Wednesday, March 30, 2005
this solidarity, comraderie, and partnership building
The weekend before that I was in Calgary. I was short-listed for a prestigious Award of Excellence by the Canadian Race Relations Foundation. Yes, an honour being nominated and all that. But it really was. I had to get up on stage with 5 other finalists and talk about my work. I went first (must've been alphabetical). It was humbling being in a row with all these amazing young adults (under 30), committed like myself, tired like myself, but being honoured for our dedication and resilience for a cause, a riteous cause, we presume.
The winner was an amazing Hatian-Canadian woman living in Quebec City who has started a 50-organization strong network, which is countering racist propaganda being spread by an immensely popular radio station there. The station is so popular they have a fanatical club, some members of which have threatened this poor woman and her colleagues. It's a real struggle, old-school. She was inspiring.
I had written an acceptance speech, because the winner had to say a few words. I didn't win, and it was too long anyway, but for S&Gs, here's what I wrote down:
If I had stayed in Halifax, I'd never have been nominated for this award. I'd probably be working for the government, or one of a few ENGOs on some educational or social marketing campaign to get people reducing, reusing, recycling in some way. I'd be another white guy in Halifax, scheming up ways to influence other white people in Halifax. I'd care about issues of race social justice, but they wouldn't be my main focus, and my work probably wouldn't take the needs of non-white people, or white immigrants, into consideration. In fact, my work might not take the needs of people into conseration at all, except in the most abstract manner of thinking and action.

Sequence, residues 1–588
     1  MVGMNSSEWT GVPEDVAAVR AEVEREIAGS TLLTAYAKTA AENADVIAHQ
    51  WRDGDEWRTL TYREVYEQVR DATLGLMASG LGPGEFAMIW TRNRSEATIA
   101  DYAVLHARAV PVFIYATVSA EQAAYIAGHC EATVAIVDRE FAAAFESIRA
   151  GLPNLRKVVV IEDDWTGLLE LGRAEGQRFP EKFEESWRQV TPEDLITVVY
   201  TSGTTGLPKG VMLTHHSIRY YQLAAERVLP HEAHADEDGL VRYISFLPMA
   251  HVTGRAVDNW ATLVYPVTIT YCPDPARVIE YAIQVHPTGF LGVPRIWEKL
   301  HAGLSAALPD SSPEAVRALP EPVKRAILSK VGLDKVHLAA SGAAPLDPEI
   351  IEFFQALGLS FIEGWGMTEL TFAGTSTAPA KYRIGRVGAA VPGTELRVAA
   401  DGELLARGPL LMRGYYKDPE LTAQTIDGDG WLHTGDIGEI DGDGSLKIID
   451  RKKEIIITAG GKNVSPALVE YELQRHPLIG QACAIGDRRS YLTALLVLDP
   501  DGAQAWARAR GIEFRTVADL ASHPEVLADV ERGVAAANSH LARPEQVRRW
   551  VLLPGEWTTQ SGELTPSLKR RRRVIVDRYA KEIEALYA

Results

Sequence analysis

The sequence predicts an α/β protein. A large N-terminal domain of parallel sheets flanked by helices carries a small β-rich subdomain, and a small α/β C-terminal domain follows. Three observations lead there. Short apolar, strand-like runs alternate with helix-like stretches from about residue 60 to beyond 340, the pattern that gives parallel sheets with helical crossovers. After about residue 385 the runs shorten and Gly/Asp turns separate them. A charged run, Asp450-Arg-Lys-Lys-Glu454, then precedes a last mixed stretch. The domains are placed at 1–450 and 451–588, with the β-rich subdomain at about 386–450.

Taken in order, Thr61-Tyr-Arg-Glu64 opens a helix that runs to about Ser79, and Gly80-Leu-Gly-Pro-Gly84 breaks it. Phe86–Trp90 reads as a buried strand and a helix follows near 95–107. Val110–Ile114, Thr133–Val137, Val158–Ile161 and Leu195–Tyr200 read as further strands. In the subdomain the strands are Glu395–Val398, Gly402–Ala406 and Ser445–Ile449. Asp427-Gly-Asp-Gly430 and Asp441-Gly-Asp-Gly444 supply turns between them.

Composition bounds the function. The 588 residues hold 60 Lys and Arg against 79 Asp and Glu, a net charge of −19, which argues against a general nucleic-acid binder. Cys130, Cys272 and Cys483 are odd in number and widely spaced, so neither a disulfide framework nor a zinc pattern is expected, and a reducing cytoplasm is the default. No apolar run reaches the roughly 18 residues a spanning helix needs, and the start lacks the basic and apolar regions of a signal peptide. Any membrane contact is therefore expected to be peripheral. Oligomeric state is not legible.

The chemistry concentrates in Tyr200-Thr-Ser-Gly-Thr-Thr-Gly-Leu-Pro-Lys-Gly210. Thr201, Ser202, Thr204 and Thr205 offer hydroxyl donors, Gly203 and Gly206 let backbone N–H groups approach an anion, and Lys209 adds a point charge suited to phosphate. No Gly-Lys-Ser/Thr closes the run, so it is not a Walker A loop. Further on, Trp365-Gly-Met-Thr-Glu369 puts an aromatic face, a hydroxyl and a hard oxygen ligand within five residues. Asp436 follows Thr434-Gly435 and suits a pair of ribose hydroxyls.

But I chose to study in Toronto, a city that had always made me feel alive, energized, and kind of like a bigshot. A city that known for its multiculturalism, where half of the residents were born outside of Canada, and where visible minorities are more visible than they are minor. And in this social climate, only the fools take race for granted - though there are no shortage of fools anywhere.
It was in this social climate that I experienced and continue to experience a superb education in race and cultural relations, in social justice, and in the powerful nuances of systemic and individual racism, and culturalism. For this I owe Toronto a great debt of gratitude.
But, though Toronto Region welcomes close to 1/2 of newcomers to this country, the welcome comes with clandestine caveats and conditions [who can resist alliterations?], beyond the official hoops through which refugees and immigrants must jump. I'm sure we've all heard comments of this nature: "Why can't THEY just adjust? This isn't like where THEY come from." Or "Even if she could learnd proper English, she just wouldn't fit with US." Or, "What does a Master's degree from China REALLY mean? Ten years of experience sure, but what about here in CANADA?"
To many people these comments are subtly if not completely innocuous, but to me they indicate a deep-rooted problem of attitude, a problem with CANADIAN culture. Though we may TOLERATE diversity, we fail to engage with people who are different from us.
I've been so fortunate to live and work in Toronto on these issues, with an environmental institution, and sustainability is still one of my core values.
What I've learned is this: you can't GET people to change their behaviour without a shift in attitude, and you can't GET someone to change an attitude unless you are willing to take that journery with them. This means open engagement with all kinds of people, and lots of them. I think that wsocial justice, sustainablility, and human health are goals almost all Canadians can agree on. Those of us using a great deal of our time, energy, indeed our lives, working to achieve these goals, need to strive for broad engagement with open, honest dialogue, and thoughtful action, if we are to secceed in creating societies in which we can all thrive.
This conference, the Canadian Race Relations Foundation, and the National Youth Anti-racist Network, are all ways to achieve this broad engagement. As we tackle racism and other isms, confront bigots of all kinds, and attempt to dismantle systemic barriers, it is this solidarity, comraderie, and partnership building, that will allow us to shoulder great burdens with the strength that only inclusive community can muster.
For this reason I wish to humbly thank CRRF for this recognition of my network's efforts. And even more importantly for bringing us all together in the spirit of open and honest, yet critical and self-reflexive, exchange.